Selfishness versus Serving Society’s Needs
The question asks “Would they also say that firemen & police in general are also selfishly serving their own needs over any societal needs since their service is also largely voluntary and paid?” Again, whether or not any given individual is being selfish or trying to serve societal needs (whatever that means), would depend on the specific person and the facts of their case.
It is worth noting, however, that the questioner seems to be approaching this issue firmly from the altruist perspective, as indicated by the derisive use of the word “selfishly” and “serving their own needs” in contrast to serving society. If so, I encourage the questioner to study the Objectivist ethics. Doing so would clear up much for the questioner—for example, the questioner would understand that to objectivists “selfish” is not a bad thing, and “sacrifice” is not noble. If I am wrong in assuming that the questioner is approaching this from the altruistic perspective, I apologize. . . I am just picking up on the general tone and tenor of the question.
Difference Between Soldiering and Other Jobs
The question asks “Isn't there some real, philosophical difference between a soldier putting his life on the line and a bank teller?”
There are differences between soldiering and other jobs, but not ones that relate to whether or not soldiering is sacrificial. The questioner appears to be implying that what makes soldiering uniquely different is that the soldiers “put [their] life on the line”, whereas other professions assumedly do not. However, this implication is mistaken, as many jobs carry the risk of death to the practitioner. In fact, you cannot name a job in which there is not some risk of death to the practitioner—even if the risk is merely that the practitioner will die in a car accident on the way to work (or during work).
The questioner may scoff at the risks of car accidents or other job-related deaths that may seem small in comparison to the apparently large risk of death faced by a soldier, but to borrow a phrase from Lee Corso—not so fast my friend. The risk of death for soldiers is actually not that much larger than the risk of death from simple car accidents, despite the initial appearance to the contrary. The risk of death for US Military personnel over the last 13 years is 2.4 deaths per 10,000 persons if you include reservists, and 3.8 deaths per 10,000 persons if you include only active duty personnel. By way of comparison, the average number of car accident deaths per year over the same time period is 1.3 deaths per 10,000 persons. Thus, while the risk of death for military personnel is higher than for car accident, it is not much higher. At the least it is clear that military service is not vastly different as far as risk of death is concerned than everyday activities such as car accidents.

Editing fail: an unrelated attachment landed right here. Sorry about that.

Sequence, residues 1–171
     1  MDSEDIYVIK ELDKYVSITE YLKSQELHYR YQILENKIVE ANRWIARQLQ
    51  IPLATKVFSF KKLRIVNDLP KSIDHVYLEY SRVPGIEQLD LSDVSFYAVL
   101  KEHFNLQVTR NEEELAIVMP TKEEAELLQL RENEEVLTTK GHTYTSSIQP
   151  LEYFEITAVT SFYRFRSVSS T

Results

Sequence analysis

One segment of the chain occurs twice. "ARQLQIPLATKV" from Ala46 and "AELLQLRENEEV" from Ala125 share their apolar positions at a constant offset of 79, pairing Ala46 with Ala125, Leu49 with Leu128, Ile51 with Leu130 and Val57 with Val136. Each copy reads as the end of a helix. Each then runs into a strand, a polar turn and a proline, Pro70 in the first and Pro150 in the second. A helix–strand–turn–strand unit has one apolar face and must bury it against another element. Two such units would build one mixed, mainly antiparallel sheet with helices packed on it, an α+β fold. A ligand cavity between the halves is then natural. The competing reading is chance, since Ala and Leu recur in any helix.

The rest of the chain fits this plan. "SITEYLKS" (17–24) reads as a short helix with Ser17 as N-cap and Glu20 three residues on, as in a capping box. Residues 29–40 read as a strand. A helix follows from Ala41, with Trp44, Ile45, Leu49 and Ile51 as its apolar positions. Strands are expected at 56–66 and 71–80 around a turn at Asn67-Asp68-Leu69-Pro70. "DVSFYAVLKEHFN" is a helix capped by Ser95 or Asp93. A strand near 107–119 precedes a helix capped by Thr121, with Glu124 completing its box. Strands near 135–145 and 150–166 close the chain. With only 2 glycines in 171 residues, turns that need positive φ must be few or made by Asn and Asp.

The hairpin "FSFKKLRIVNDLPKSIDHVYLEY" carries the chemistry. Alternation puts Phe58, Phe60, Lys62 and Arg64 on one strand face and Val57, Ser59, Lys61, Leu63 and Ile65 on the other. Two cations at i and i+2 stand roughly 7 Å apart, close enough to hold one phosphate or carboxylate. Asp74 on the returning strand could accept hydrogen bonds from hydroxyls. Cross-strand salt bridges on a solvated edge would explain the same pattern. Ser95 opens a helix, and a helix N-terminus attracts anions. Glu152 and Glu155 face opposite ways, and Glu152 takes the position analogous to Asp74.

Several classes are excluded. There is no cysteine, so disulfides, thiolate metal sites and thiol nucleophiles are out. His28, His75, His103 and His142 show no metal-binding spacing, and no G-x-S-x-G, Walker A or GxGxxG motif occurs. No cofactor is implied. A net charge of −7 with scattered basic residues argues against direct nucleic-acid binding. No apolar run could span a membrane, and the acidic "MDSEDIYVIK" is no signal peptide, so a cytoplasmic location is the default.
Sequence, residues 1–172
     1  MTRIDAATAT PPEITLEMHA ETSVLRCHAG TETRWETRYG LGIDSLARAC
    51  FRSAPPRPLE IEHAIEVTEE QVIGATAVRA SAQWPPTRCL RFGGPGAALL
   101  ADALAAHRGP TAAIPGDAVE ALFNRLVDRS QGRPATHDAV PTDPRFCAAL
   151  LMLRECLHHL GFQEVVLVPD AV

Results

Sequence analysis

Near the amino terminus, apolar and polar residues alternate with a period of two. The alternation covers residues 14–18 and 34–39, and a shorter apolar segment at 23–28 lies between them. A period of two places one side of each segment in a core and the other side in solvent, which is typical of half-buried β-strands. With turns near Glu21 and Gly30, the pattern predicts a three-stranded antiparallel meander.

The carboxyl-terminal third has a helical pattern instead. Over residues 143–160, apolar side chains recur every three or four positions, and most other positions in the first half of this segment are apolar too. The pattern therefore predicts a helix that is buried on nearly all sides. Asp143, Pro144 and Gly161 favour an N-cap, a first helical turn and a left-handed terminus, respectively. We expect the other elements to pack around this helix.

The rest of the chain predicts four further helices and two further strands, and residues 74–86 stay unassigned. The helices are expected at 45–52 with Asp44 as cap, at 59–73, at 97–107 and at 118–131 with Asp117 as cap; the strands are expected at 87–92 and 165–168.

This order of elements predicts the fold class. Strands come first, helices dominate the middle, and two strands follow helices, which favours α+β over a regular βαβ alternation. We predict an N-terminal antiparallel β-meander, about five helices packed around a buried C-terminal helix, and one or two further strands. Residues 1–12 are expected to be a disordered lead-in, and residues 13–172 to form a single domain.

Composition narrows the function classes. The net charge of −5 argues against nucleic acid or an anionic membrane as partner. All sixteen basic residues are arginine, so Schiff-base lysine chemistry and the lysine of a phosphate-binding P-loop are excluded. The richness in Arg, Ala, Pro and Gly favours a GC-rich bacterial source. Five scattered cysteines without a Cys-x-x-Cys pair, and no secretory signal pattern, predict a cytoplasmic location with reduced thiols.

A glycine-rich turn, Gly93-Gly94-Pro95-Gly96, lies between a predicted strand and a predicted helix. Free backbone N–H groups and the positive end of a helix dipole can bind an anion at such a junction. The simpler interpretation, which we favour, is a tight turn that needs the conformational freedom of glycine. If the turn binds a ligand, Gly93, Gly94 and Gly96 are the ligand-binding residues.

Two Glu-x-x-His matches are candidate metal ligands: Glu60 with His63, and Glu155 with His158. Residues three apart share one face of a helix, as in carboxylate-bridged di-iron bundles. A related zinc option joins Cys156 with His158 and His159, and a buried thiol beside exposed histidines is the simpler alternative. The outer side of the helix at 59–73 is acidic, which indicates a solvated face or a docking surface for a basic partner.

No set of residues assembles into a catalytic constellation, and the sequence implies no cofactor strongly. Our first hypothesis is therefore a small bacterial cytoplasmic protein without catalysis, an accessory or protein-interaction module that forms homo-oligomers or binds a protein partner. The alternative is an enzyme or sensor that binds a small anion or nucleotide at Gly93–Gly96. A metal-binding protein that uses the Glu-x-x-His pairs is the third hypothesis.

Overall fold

Moreover, there are numerous other professions that are actually more dangerous than soldiering, such as fishing (12.1 deaths per 10,000), logging (10.2 deaths per 10,000), aircraft crews (5.7 deaths per 10,000), and trash collectors (4.1 deaths per 10,000), as well as numerous other jobs that are comparable in danger to soldiering, such as roofing (3.2 deaths per 10,000), iron working (2.6 deaths per 10,000), farming (2.5 deaths per 10,000), and trucking (2.4 deaths per 10,000). (By way of another interesting comparison, police officers/sheriff’s patrol officers had a death rate of 2.2 deaths per 10,000 persons in 2007).
The point here is not to demean the very real price that many have paid for their military service. Rather the point is to show that every job carries some risk of death, and thus there is no philosophical difference between soldiering and other jobs merely by the fact that soldiers “put their lives on the line.” We all put our lives on the line in one way or another each day. It is true that soldiering may be more risky than some professions, but it is also less risky than others. These differences in overall risk are ones of degree, however, not of kind.
That is not to say that there are not other relevant differences between soldiering and other jobs—for example, soldiering is one of the only jobs I can think of where it is okay to kill someone else. Indeed, the very nature of soldiering is to kill people and break stuff, to borrow another phrase. This is a relevant philosophical difference between soldiering and other jobs, but not one that relates to whether or not soldiering is by its nature sacrificial.